Church people


 

 

Tuesday, November 14, 2017

 

Dear Friends:

I had the opportunity to talk over the past few days to a few folks that are not involved in any church— or any religion for that matter.  Without giving too much information about any of them, they all had the same reasons for not being involved in a church. It was not doubts about God, or questions about the Bible, or issues with the particular pastor or priest. In each case it was about a member of their family that had turned them off to the Christian faith and church attendance.

All of them talked about being talked “down to” by a parent, sibling or partner about how much they needed to go to church, but for each of them something was annoying about the manner in which they were being lectured or even cajoled into going to church.  In some ways the good intentions of the family members had the opposite effect.

Making a person feel that they are “wrong” or somehow inferior for not attending church will never cause our churches to grow. Neither will any appearance of aloofness, spiritual pride, or pious pity on the unchurched. What will make a difference is genuine interest in the other person—period.  It’s “pre-evangelism”, if you will, but until I can be sincerely kind and caring for the person regardless of their willingness to come to church or become a convert, I will never be much of a “fisher of men”.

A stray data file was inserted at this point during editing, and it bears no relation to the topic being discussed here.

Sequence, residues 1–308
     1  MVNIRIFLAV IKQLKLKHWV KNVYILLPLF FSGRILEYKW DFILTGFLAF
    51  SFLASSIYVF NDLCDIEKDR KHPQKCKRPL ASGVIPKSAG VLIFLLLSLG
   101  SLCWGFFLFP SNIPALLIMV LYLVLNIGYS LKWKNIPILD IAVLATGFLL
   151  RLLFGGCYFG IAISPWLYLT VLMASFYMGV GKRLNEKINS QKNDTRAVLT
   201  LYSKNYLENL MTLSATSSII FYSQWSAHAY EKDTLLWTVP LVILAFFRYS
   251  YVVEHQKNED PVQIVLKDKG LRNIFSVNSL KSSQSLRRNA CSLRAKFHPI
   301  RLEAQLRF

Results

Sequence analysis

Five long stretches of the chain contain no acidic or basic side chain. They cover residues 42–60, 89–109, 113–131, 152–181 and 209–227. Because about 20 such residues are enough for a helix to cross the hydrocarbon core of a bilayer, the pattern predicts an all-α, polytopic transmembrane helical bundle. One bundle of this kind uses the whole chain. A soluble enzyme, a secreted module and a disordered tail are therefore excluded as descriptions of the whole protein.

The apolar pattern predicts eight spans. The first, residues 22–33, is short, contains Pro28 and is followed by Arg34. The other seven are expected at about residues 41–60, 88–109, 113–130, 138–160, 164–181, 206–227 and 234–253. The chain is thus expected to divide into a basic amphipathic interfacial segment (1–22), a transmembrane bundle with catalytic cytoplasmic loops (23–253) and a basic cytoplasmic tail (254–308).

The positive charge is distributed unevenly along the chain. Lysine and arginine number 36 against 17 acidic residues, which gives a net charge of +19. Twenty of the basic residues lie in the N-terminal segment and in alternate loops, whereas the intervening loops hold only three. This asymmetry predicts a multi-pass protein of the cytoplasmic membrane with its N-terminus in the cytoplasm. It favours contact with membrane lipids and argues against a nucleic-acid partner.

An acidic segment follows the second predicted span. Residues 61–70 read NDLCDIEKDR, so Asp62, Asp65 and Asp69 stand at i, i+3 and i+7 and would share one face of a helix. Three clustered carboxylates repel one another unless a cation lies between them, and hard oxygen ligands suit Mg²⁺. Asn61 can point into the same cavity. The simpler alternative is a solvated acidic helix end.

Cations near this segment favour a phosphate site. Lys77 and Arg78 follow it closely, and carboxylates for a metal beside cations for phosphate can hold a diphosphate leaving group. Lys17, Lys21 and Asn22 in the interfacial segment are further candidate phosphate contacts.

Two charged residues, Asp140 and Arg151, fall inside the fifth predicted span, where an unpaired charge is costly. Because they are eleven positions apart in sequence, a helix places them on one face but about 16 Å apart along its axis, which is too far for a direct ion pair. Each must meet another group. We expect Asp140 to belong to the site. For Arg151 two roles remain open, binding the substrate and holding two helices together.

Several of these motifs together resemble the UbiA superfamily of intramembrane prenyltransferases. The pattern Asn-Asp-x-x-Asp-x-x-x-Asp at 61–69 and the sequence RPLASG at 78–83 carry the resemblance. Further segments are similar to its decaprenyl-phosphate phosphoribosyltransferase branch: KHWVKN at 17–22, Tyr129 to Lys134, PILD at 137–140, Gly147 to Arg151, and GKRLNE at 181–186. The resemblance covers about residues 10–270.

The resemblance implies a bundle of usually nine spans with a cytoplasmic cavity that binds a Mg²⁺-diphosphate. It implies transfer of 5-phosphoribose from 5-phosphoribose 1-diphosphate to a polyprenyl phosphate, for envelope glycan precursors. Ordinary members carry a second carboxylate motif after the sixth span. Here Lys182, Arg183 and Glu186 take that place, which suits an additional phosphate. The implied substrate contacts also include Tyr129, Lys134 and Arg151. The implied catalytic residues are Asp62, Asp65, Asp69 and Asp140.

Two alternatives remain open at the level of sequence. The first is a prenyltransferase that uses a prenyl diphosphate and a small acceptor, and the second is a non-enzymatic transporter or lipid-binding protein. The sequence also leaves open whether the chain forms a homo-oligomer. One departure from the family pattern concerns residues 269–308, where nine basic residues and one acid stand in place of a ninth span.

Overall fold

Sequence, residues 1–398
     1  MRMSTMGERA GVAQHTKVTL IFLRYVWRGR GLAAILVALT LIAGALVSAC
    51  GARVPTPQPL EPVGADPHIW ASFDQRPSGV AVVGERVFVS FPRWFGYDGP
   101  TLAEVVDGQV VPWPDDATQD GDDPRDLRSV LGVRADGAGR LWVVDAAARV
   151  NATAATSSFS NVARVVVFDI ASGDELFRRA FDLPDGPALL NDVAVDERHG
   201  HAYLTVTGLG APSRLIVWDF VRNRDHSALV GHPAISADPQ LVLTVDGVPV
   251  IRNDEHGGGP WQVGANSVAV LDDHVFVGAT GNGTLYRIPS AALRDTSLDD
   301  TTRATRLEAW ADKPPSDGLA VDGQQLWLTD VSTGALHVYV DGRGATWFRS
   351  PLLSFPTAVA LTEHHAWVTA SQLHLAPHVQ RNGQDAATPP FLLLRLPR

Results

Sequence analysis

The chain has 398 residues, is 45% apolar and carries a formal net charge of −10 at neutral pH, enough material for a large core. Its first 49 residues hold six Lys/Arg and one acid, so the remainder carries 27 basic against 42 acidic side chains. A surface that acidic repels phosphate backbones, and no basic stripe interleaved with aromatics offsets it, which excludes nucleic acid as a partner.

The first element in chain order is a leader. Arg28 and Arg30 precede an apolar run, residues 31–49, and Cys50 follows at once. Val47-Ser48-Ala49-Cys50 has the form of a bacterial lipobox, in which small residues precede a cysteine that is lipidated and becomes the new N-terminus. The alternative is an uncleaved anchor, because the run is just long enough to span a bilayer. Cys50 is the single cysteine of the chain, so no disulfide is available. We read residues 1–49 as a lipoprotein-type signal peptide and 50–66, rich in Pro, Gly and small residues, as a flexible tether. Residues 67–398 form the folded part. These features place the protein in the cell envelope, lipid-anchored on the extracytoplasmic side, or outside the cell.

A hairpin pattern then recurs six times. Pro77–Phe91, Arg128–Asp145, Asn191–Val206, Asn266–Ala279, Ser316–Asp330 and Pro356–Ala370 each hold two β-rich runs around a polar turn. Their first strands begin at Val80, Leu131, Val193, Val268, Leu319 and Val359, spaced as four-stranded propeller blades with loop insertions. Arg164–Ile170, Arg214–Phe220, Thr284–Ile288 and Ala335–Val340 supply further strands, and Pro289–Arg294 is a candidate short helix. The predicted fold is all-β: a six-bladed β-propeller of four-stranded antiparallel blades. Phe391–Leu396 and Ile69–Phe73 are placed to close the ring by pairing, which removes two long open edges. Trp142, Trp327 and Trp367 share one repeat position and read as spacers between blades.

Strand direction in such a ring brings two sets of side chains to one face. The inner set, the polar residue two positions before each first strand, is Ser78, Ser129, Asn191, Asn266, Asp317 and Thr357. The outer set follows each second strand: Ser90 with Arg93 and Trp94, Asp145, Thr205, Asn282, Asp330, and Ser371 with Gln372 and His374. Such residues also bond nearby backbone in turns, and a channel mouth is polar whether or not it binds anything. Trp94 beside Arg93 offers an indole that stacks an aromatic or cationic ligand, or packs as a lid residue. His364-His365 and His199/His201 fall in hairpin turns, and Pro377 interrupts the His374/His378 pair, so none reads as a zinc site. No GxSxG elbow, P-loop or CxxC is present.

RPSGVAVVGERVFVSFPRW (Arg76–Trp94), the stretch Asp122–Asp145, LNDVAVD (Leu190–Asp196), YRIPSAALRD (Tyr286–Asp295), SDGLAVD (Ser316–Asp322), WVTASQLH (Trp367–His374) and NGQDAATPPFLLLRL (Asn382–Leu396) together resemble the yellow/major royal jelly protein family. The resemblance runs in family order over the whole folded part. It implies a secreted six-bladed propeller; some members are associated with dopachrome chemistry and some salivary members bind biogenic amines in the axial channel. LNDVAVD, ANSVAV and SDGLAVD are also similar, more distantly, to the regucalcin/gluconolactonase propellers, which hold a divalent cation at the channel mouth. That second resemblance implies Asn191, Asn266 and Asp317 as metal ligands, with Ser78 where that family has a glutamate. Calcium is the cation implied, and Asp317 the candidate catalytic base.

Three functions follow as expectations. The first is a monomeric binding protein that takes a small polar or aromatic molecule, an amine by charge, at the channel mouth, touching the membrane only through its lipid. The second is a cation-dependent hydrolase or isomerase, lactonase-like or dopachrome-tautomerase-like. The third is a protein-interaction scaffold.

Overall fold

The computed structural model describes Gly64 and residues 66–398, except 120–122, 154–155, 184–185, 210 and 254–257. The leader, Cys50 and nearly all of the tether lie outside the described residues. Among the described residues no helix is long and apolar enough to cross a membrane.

I say all of this because the folks I talked to this past week are good people. In fact, they display more humility and character than some of us within  the church!  That’s part of the problem, perhaps.  They look at the lives and dealings of those that never miss a Sunday and perhaps conclude: “I am better than they are and I never go to church!”   And perhaps they are, but as C.S. Lewis would say, “You should have meet the same church members before  they came Christ and joined the church….”

Nonetheless, to many, I am the only “proof” that the Christian faith is real!  Some look at me and are inspired to increase their faith——but how many more think twice about being a disciple of Christ because of inconsistent life, my poor choices, my sins, my selfishness, etc.  Eyes are upon those of us who bear the name Christian always.  I am not able to maintain an act for long—-either He dwells within me and bears fruit or I am an artificial tree.  May I, and those at this camp, be well-rooted in Him and draw others to Him.

 

dean  barley,

Dean Barley

 


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